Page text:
The MGH Center for Diversity and Inclusion virtually celebrated the graduation of 46 underrepresented residents and fellows in medicine on June 5. The 2020 graduating class included residents and fellows from 14 different departments.
Relative newcomers and seasoned hospital veterans were recognized Oct. 11 at the annual Ether Day Celebration. The event – which occurs on the Friday closest to the anniversary of the first successful public demonstration of surgical anesthesia at the MGH on Oct. 16, 1846 – celebrates the service milestones of employees in increments of five years. This year, 3,652 employees were honored – with 27 of those individuals celebrating 50, 55 or 60 years of employment.
“As I walk around the hospital today, I am struck by the number of pins and ribbons I see,” said Jovita Thomas-Williams, senior vice president for Human Resources. “It highlights the love and passionate commitment employees have for MGH.”
The Ether Day Dancers once again marked each momentous milestone by dancing to each year’s top hit. Featuring tunes by Pitbull, Ricky Martin, R.E.M. and Michael Jackson, the talented dancers from Human Resources and Buildings and Grounds Twisted and Shouted, Guitar Boogie Shuffled, YMCA’d and Tootsie Rolled to the delight of all attendees.
MGHers celebrating milestones of 20 years or more also were invited to attend a special Ether Day Dinner Oct. 16.View all the honorees and event photos on Apollo, the MGH intranet, at apollo.massgeneral.org/etherday.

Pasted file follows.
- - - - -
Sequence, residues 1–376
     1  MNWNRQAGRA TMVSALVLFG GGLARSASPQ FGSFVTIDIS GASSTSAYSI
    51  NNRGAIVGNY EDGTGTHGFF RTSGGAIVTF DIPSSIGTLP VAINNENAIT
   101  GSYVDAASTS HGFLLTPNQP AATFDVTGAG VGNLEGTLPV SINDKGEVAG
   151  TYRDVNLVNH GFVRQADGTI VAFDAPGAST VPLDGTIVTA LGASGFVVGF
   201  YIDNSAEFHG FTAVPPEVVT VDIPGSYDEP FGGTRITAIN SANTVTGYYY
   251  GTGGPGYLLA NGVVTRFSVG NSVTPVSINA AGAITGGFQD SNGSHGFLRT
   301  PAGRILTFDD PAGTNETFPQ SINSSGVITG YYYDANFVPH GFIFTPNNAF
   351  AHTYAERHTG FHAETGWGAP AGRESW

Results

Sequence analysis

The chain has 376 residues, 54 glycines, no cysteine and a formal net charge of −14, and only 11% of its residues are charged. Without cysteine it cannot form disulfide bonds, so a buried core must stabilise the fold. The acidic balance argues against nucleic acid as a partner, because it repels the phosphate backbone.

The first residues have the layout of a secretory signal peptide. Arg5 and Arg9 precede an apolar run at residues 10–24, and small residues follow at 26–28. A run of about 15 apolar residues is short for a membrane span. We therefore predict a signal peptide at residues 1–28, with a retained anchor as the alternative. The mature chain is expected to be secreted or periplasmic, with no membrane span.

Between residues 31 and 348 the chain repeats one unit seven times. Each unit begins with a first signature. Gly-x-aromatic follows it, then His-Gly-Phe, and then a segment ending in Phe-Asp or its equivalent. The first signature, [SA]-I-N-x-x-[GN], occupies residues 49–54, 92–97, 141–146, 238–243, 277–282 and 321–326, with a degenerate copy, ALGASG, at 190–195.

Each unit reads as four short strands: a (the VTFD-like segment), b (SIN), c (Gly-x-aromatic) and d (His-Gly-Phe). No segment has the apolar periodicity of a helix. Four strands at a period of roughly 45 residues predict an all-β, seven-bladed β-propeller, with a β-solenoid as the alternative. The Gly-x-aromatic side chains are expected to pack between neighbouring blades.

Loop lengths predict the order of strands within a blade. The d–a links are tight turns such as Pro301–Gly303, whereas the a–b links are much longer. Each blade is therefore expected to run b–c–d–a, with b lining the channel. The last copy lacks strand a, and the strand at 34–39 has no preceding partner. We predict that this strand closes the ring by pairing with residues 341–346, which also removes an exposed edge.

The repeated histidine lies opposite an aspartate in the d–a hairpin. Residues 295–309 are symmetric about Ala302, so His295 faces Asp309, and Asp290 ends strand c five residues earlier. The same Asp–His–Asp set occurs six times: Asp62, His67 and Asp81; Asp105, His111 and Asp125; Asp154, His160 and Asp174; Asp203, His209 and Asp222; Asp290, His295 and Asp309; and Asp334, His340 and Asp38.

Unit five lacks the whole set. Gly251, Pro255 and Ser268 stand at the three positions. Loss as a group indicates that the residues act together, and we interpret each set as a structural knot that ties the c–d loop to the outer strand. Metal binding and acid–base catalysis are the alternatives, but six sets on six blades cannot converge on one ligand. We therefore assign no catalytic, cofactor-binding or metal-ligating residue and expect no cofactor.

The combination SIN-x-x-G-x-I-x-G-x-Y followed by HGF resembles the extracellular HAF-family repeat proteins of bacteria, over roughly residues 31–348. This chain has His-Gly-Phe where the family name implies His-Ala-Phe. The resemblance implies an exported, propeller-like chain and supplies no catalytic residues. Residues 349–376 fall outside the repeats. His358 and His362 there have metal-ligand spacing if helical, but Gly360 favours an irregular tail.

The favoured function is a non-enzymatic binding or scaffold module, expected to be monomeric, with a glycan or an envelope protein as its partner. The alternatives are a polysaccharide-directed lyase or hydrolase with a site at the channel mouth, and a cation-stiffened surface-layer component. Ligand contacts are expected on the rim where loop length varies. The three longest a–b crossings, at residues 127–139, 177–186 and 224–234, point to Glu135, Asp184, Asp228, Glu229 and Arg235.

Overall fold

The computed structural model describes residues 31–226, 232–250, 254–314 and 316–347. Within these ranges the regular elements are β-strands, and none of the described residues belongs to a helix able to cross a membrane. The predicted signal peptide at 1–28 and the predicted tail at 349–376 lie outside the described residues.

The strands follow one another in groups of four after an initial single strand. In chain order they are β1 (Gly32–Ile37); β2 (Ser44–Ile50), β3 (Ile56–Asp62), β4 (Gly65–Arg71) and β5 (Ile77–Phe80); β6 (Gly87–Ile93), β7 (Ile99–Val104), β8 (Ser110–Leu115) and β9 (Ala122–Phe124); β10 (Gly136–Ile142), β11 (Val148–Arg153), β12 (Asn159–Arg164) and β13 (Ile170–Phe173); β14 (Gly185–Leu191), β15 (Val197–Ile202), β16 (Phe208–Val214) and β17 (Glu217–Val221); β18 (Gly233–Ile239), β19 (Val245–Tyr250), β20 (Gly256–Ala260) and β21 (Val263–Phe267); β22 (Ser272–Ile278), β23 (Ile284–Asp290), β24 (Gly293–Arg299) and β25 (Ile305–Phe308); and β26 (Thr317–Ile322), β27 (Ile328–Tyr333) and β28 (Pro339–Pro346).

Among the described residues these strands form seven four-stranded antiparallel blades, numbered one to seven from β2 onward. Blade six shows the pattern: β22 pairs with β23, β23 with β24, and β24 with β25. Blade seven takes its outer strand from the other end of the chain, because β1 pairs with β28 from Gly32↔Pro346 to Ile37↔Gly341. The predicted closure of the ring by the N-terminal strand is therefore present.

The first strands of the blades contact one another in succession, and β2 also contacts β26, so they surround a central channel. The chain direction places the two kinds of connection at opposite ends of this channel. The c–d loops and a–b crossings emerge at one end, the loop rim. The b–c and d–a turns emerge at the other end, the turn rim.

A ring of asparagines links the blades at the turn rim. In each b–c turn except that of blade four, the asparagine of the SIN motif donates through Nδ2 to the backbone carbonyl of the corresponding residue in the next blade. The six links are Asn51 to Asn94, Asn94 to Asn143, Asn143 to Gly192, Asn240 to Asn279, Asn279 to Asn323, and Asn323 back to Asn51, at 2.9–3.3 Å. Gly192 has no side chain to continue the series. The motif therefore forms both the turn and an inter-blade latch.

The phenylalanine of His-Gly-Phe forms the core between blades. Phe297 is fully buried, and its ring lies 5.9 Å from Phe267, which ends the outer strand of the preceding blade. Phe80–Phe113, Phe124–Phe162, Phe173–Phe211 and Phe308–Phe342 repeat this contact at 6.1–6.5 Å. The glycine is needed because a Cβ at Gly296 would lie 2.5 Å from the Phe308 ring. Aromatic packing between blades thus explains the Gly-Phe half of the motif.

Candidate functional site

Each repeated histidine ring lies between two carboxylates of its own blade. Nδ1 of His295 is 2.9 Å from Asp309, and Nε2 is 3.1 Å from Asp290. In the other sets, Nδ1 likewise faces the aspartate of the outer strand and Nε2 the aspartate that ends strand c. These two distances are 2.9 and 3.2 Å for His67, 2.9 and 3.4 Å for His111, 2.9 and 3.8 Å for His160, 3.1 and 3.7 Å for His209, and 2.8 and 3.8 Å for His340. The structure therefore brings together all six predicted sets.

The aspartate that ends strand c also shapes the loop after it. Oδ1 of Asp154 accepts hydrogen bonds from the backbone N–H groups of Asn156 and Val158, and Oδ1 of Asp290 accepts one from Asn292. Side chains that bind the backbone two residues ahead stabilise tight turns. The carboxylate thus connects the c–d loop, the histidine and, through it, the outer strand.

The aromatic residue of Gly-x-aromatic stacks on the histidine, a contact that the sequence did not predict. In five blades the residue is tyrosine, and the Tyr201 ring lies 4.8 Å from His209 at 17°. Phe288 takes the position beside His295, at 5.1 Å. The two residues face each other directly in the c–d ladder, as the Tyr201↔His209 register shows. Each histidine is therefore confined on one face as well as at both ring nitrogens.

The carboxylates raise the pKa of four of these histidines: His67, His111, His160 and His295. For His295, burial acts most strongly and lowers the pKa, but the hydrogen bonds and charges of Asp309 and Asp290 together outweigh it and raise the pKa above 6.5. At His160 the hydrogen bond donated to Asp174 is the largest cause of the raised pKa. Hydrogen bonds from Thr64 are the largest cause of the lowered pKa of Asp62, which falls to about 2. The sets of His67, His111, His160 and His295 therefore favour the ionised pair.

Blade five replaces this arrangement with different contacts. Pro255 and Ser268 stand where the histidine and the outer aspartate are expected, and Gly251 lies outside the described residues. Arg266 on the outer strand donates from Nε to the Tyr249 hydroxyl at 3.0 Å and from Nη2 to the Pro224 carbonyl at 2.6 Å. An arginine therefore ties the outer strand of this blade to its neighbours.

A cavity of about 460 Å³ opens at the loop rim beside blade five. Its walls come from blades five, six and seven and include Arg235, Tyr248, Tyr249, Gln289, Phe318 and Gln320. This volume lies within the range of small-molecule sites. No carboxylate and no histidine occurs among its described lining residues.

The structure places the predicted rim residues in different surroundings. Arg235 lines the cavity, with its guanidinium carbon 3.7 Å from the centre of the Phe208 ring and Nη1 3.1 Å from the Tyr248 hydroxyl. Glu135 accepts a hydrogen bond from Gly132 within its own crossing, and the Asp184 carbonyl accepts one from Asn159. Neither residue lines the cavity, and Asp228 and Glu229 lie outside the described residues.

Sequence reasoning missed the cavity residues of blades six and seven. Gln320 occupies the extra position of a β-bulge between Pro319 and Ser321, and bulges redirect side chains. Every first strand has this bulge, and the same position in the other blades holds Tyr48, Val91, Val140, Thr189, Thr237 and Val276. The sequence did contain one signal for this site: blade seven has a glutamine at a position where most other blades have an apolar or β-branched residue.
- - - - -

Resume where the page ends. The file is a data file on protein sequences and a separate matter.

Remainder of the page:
- Jun | 26 | 2020
During the June 24 event, “Resident Writing in the Time of COVID-19,” five Mass General residents read from and discussed recent pieces they have published in national publications.
- Jun | 23 | 2020
Massachusetts General Hospital staff paid tribute to its unit service associates, or USAs.
- Jun | 23 | 2020
During moments of downtime, Mass General dental hygienist and musician Rosemond Valcimond delights visitors and staff by playing his ukulele.
- Jun | 19 | 2020
While it may not have been the graduation ceremony that many Center for Community Health Improvement youth had envisioned a few months ago, it nevertheless was one for the ages.
- Jun | 4 | 2020
During a six-week period, volunteers made about 6,000 calls to phone numbers provided by the city of Chelsea, a community of about 40,000 that has been hit particularly hard by the pandemic.